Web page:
We hadn't been fed adequately and we hadn't been given enough water. There had been no medical treatment at all; wounds either healed or they got infected. We worked despite injuries; we felt no pain or fatigue, although the bodies of several zombies eventually stopped responding; they just fell in their tracks and were abandoned where they fell. I shuddered when I remembered earlier today stepping over a pile of scattered bones, some with shreds of tissue still attached, which had been an unconscious but still living body yesterday. Some predators had found an easy meal.

As I was remembering all these things, my pains were fading. I started to feel physically very good - better than I had felt in years, in fact. I opened my eyes; Rosita was standing over me with Angelou, and one of Ayers' men was with them as well. He was carrying a Thompson machine gun. Rage surged through me, and I started to scramble to my feet to attack him, gun or no, but Rosita quickly sprawled on top of me, knocking me back down. I started to throw her aside, but she grabbed both my ears and twisted, while whispering urgently.

"Iollan, NO! He's on our side; he's the one who gave us the antidote! We're escaping." Her gentle method of getting my attention, her fingernails digging into the base of my ears, ready to tear them off if I continued to struggle, convinced me to listen to her. She didn't tell me much, just repeated that Benton was on our side and we were going to escape.

"What's the plan?" I finally whispered back, though I intended to keep a close eye on Benton. I got up and quietly made my way to the door of the pen, cautiously peeked out. There were about twelve members of Ayers' gang working around the Dominator.

At that instant, Ayers made an announcement over the outside amplifier. "Attention, ground crew. We lift in five minutes. Anyone not on board will be left behind."

Angelou went berserk at the sound of his Ayers' voice. Before anyone else could react, she grabbed the chopper from Benton and charged through the door of the pen, screaming at the top of her voice. As soon as she was outside, she started firing. The zombie antidote made her faster than regular humans, and she managed to drop four of them before they realized they were under attack. She got at least four more before they reached cover and started shooting back. Benton screamed and raced out of the pen after her. Angelou started spraying lead through the open hatch in the side of the Dominator. A manned machine gun turret slid out of the underside of the big airship. Benton leaped onto Angelou's back and drove her to the ground as the turret gunner opened up, and a stream of bullets smashed into them for maybe a second, then started moving towards the zombie pen. A second turret was now swinging around in our direction as well.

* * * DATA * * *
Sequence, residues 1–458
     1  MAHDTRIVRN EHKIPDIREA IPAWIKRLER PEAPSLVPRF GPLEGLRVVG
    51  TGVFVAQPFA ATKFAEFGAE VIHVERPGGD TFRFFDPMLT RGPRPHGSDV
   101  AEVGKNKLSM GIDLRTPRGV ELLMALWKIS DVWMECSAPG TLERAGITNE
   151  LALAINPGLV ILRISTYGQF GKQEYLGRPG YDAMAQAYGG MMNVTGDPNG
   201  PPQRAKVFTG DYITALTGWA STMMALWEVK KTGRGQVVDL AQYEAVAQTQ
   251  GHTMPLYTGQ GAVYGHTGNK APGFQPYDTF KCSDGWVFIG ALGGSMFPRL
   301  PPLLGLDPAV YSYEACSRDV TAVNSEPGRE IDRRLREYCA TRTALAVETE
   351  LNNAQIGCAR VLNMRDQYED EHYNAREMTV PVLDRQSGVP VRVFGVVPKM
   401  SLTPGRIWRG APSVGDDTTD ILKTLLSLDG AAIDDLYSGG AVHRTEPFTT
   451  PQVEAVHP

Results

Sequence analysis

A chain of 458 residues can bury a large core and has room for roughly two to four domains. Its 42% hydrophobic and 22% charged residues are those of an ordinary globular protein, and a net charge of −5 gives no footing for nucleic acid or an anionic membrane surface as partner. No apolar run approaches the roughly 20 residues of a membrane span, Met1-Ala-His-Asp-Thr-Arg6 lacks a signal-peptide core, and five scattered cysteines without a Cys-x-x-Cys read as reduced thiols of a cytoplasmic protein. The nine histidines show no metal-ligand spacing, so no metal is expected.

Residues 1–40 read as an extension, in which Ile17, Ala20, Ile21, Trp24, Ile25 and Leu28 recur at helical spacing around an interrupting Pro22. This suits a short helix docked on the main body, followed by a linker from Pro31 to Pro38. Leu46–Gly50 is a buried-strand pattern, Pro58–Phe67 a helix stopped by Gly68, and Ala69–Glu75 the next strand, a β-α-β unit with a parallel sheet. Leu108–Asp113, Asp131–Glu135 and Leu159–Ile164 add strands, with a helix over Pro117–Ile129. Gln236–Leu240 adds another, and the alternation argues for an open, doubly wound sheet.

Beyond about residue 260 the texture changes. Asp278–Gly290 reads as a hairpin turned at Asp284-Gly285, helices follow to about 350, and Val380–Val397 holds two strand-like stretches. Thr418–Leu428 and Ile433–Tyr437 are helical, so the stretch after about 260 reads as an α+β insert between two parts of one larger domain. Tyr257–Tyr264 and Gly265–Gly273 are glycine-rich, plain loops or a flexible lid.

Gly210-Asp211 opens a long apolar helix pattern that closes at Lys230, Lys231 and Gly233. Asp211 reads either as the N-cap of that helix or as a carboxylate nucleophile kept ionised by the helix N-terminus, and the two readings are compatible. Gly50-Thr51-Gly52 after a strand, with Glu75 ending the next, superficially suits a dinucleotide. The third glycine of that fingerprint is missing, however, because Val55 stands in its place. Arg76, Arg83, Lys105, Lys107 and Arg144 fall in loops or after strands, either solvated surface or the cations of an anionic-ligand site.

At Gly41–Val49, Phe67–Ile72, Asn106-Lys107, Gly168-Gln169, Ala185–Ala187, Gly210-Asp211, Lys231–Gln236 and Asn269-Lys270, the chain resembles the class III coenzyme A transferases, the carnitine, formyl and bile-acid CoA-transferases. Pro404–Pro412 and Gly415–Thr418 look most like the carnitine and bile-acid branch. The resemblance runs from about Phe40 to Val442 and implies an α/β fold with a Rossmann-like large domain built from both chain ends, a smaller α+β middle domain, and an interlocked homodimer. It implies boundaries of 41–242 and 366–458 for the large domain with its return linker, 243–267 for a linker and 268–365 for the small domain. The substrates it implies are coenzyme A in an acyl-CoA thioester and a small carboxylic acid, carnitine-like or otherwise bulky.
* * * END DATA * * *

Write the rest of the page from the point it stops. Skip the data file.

I grabbed Rosita before she could charge out onto the killing ground. "She's dead!" I yelled in her ear as I dragged her towards the rear of the pen. Bullets started to tear the front of the pen to shreds, and the bodies of unfortunate zombies, struck by heavy machine gun rounds, were jerking spastically on the ground. By now, Rosita had stopped fighting me, and we crashed easily through the flimsy rear wall of the pen without even slowing down, then raced off into the jungle.

Suddenly there was a loud bang behind us, perhaps an explosion inside the Dominator, and the gunfire stopped abruptly. I continued to drag Rosita further into the jungle, but I had to stop abruptly when we reached a riverbank with about an eight-foot drop to the water.

Rosita was running blindly; she raced past me, off the bank and fell into the water. I could only dive in and hope there wasn't a worse danger in the water than we faced on shore.

Fortunately for us, the river was deep and fast. Rosita didn't know how to swim; if it wasn't for the amazing vitality that was still driving both of us, we both might have drowned before I got her under control and had found a place where we could climb from the water. The water was surprisingly cold, and the chill helped subdue Rosita; she was exhausted and silent as we huddled together on the riverbank. Her body was wracked with pitiful shudders; she was crying silently.

"She's really dead, isn't she?" she whispered into my shoulder. "Do you think we're safe now?"

We were safer than we'd been in the zombie pen. But armed men who wanted to kill us might be searching for us, and we were marooned, unarmed and without any tools, in an unknown location in the African rain forest. Were we safe now? No. I hugged her tightly, but didn't say anything.